Despite global and national recognition of girl child rights, Kenya is still below the belt on gender inequality.
We listen now but do the exact opposite the next minute. Were prone to assumptions when it comes to this. Sometimes it’s just ignorance, inconsideration, and pride among the male gender.
Yes, Kenya has tried to make tremendous strides in the empowerment of girls through legislative and policy formulation as well as programmatic interventions that address the pressing needs of girls. Most of this has not been implemented especially in the wards and villages.
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The mindset that a girl is a liability needs to be changed and this requires happening at the grassroots level. While spreading awareness is critical, there is a need of putting in place and implementing stricter laws that deter people from resorting to female destruction.
The role of education is extremely important here and goes a long way in empowering women. And the process of education has to begin early in life. More and more girl children need to be sent to school, provided quality and holistic education.
Technology is one major aspect of education that when embraced and used by the girl child the right way, we might be able to throw this issue into the den.
Numerous benefits come with educating girls the right way. Educated girls can take the right decisions in life. For example, when an educated girl makes a mistake or gets into trouble then she will be able to handle it with a positive attitude employing the proper skills taught in school.
At the same time, a society in which girls are educated will see fewer child marriages, decreased levels of poverty, and heightened participation of women in socio-economic processes.
Educating these young women have far-reaching impacts. It is rightly said that when a woman is educated, an entire generation is educated.
There is a need to enhance the call and commitment at both national and county levels to give girls a voice.
Girls must be able to access information and services related to sexual and reproductive health, nutrition, menstrual hygiene as well as addressing gender-based violence and other harmful cultural practices as FGM and child marriage through prevention, protection, and response services.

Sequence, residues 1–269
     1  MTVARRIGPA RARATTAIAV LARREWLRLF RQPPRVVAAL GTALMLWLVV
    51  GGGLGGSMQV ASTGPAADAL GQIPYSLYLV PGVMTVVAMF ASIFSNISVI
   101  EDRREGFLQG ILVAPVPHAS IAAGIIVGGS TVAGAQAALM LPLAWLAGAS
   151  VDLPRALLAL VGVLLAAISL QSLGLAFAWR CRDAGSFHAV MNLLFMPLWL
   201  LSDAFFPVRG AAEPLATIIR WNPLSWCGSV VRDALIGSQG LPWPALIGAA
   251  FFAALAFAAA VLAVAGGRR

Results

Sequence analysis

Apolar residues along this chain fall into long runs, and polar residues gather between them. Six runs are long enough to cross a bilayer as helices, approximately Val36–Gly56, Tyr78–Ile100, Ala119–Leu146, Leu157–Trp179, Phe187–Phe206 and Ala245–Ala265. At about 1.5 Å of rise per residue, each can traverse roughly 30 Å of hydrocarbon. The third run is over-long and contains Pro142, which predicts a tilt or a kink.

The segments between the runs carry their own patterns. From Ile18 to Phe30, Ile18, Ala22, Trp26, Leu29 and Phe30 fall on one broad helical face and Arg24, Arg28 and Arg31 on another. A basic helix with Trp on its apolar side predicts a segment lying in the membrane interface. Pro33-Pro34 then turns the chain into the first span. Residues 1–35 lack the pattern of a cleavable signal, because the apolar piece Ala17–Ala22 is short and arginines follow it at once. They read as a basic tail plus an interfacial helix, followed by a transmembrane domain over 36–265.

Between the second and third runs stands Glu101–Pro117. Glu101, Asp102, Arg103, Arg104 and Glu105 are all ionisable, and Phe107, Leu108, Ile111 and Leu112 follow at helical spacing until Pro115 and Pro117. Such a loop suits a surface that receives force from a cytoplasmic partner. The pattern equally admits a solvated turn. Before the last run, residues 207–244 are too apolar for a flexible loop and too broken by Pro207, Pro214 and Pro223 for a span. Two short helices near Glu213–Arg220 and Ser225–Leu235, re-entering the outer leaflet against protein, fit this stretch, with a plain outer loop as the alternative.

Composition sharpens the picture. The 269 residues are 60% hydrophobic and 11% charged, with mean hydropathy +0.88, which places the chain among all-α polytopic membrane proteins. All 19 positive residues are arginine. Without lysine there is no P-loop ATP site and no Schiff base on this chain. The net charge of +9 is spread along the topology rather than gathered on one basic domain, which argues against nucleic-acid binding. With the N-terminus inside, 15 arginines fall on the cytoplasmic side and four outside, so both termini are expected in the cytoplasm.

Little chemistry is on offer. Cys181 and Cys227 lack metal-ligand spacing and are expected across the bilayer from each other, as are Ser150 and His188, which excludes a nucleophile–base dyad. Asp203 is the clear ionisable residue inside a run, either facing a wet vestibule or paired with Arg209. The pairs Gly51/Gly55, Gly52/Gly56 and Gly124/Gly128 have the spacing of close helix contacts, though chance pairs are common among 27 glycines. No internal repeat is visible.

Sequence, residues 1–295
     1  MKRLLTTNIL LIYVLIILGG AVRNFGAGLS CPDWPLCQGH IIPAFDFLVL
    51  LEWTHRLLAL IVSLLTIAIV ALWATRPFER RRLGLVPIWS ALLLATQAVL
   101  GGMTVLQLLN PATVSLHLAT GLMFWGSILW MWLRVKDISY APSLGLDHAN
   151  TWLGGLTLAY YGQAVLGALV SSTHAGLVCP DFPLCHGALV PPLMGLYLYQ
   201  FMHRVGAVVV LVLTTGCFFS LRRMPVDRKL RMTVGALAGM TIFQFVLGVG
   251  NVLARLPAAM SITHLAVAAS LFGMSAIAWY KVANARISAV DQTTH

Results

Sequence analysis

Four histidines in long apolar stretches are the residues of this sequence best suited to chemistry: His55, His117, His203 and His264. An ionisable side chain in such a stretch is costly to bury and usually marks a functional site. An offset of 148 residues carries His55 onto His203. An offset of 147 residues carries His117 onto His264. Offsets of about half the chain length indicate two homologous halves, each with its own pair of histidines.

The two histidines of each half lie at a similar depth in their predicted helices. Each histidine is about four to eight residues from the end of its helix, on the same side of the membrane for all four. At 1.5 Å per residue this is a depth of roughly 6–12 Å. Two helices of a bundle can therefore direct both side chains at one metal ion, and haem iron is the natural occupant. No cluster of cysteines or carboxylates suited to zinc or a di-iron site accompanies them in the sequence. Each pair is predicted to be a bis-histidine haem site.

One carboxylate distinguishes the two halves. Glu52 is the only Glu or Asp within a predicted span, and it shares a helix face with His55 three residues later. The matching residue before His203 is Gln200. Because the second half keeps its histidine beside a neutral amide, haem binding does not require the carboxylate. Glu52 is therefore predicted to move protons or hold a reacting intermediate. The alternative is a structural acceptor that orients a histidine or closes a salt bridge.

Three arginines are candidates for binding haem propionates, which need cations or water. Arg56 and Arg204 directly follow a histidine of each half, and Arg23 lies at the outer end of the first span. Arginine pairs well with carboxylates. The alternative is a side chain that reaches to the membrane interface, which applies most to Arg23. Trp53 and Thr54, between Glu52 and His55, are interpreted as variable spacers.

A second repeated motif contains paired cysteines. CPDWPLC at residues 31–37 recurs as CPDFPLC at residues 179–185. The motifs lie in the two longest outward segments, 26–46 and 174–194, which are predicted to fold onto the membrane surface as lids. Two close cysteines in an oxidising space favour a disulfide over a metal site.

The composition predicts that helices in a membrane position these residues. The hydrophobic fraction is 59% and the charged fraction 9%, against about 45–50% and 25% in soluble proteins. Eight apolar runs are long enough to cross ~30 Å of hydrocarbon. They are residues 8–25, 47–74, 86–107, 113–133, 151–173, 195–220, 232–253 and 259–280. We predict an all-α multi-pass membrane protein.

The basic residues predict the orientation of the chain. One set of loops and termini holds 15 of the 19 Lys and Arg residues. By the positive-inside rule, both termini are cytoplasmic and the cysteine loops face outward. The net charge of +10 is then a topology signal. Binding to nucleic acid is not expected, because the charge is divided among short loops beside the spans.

It needs to be established that girls are in no way less than the boy. When given the right chances to nurture their talent and skills, they have it in them to excel in different areas of life.
It is therefore imperative that both government and non-government organizations work in cohesion to spread the message of saving and educating the girl child
The world must ensure that girls, especially in developing countries, can reap the benefits of the technological revolution that has reshaped the life of every human being.
When COVID-19 necessitated unprecedented public health measures such as frequent lockdowns and closure of schools and businesses, societies with advanced digital technology we’re able to ensure the continuity of learning and economic productivity.
We must ensure that girls in developing countries are part of the digital transformation. Otherwise, they will continue to be left behind as a result of the digital divide.
At the moment, millions of illiterate girls who never enrolled in schools or dropped out of schools due to poverty, early marriage, and pregnancy have little hope to be part of the digital generation.
So, let us join our efforts to educate every girl and protect each one of them from all the evils surrounding them.